James Steele Reid, who testified, acknowledged to cutting the kitten tails but did so as he was going to claim them as his own.
A jury found a man charged with five counts of animal cruelty last year not guilty on Thursday.
At 7:01 p.m., a Marion County Sheriff’s Office bailiff announced that the four men and two women of the jury had reached a decision on the case. They were filed into the courtroom five minutes later and the clerk read the verdict at 7:07 p.m.
James Steele Reid, who stood beside one of his lawyers, Andy Pozzuto of the law firm Alavi, Bird and Pozzuto, looked relieved when the words “not guilty” were read by the clerk. At 7:12 p.m., Judge Sarah Ritterhoof Williams thanked the jury, who began their deliberation at 5:47 p.m., for their time and dismissed the proceedings.
“The evidence spoke for itself,” Tania Alavi said.
Assistant State Attorney Lydia Swanson declined comment. Dressed in jeans, red suspenders, and a shirt, Reid said no when a Star-Banner reporter asked for a comment. A majority of the jurors also did not want to talk.
In her closing argument that began at 4:57 p.m., Swanson, who went first, said Reid deliberately lopped off the tails of the five kittens, adding that his actions “cause unnecessary pain to these kittens.”
Swanson said Reid was angry at the kittens’ owners and wanted to cut off their tails. Swanson argued that Reid told the kittens’ owner several times about what he was going to do.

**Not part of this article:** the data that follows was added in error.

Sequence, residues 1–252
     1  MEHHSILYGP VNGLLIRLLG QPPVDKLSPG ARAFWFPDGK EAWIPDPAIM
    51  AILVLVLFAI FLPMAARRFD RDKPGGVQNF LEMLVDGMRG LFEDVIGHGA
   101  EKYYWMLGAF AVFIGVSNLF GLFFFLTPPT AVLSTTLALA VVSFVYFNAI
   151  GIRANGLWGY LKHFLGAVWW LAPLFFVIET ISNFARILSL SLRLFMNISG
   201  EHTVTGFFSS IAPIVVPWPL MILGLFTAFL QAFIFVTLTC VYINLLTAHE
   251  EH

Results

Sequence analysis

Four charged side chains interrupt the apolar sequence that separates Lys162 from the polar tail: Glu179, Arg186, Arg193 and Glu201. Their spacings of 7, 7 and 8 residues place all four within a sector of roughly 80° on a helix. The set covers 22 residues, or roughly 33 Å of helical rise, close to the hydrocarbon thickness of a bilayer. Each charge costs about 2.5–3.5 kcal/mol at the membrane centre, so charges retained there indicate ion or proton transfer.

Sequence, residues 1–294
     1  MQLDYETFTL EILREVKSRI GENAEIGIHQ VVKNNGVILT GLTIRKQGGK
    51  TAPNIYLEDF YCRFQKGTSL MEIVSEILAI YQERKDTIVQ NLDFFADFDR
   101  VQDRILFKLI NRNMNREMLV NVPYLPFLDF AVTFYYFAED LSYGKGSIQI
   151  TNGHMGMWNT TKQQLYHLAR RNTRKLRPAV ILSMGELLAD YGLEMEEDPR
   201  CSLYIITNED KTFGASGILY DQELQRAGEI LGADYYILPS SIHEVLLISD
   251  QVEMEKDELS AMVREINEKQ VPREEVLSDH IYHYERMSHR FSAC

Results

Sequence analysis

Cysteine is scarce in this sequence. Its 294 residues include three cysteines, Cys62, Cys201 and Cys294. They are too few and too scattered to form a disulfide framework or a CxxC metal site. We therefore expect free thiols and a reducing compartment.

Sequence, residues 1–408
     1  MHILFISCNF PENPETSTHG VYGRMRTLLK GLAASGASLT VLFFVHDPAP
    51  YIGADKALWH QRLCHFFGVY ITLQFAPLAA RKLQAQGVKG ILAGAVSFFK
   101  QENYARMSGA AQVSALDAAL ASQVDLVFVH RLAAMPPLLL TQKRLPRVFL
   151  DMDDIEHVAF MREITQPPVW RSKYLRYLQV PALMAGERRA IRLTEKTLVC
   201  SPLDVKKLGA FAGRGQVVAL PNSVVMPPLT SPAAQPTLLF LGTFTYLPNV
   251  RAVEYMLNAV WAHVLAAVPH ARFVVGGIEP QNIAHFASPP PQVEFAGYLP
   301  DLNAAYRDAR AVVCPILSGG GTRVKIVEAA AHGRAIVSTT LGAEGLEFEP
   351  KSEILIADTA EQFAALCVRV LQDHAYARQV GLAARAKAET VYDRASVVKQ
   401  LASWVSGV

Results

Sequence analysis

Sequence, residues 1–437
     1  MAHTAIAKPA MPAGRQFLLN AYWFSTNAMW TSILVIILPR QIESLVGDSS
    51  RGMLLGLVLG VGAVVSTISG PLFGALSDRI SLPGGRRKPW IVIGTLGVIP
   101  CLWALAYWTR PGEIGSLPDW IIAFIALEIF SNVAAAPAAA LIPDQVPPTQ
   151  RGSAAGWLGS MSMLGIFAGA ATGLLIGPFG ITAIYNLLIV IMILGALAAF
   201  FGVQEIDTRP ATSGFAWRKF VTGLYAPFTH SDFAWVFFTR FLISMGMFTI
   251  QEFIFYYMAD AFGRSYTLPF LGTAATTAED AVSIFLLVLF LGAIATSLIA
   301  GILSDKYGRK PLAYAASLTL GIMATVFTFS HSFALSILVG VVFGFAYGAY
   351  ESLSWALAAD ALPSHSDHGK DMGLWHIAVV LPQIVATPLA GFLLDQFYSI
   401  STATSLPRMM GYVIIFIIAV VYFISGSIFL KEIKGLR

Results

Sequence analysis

Alavi, in her counter to Swanson’s argument, asked the jurors to put their emotions aside and “judge the case on the facts you heard.” She said Reid did not mutilate or torment the kittens. She said if he did, then why he would have put iodine on the kittens’ wounds after snapping their tails.
Reid was arrested on a warrant of animal cruelty by sheriff’s deputies on his 68th birthday on Nov. 27, 2017. He was accused of cutting the tails off five kittens in late September, sheriff’s officials were told. At the time, deputies were told that the kittens were roughly a month old.
Marion County Animal Services officials were notified about the incident and they began investigating. An animal services investigator told deputies that if a kitten’s tail is snipped, it should be done when the kitten is between three and five days old. Anesthetic is usually used when the procedure is done and a single stitch is used to close the wound.
Deputies were told that in the case of the kittens, their tails were improperly cut because of their age. Also, there was no anesthetic and no stitches to assist with the healing.
Maria Myers, Reid’s sister, took the stand and said they lived on farms and their father used to cut the tails off kittens.
Reid, who took the stand in his defense, admitted to cutting the kitten tails, but did so as he was going to claim them as his own. He said when he cut the kitten tails, they did not scream. He said they were many Feral cats running around the property and they would feed them.
Lilly Baron, president of Society of Cruelty Against Animals of Ocala, who sat through the day-long trial, was disappointed with the decision.
“This sends a very negative message and he will do it to other kittens,” she said.
Baron said her organization adopted the kittens after the incident and they’re doing well.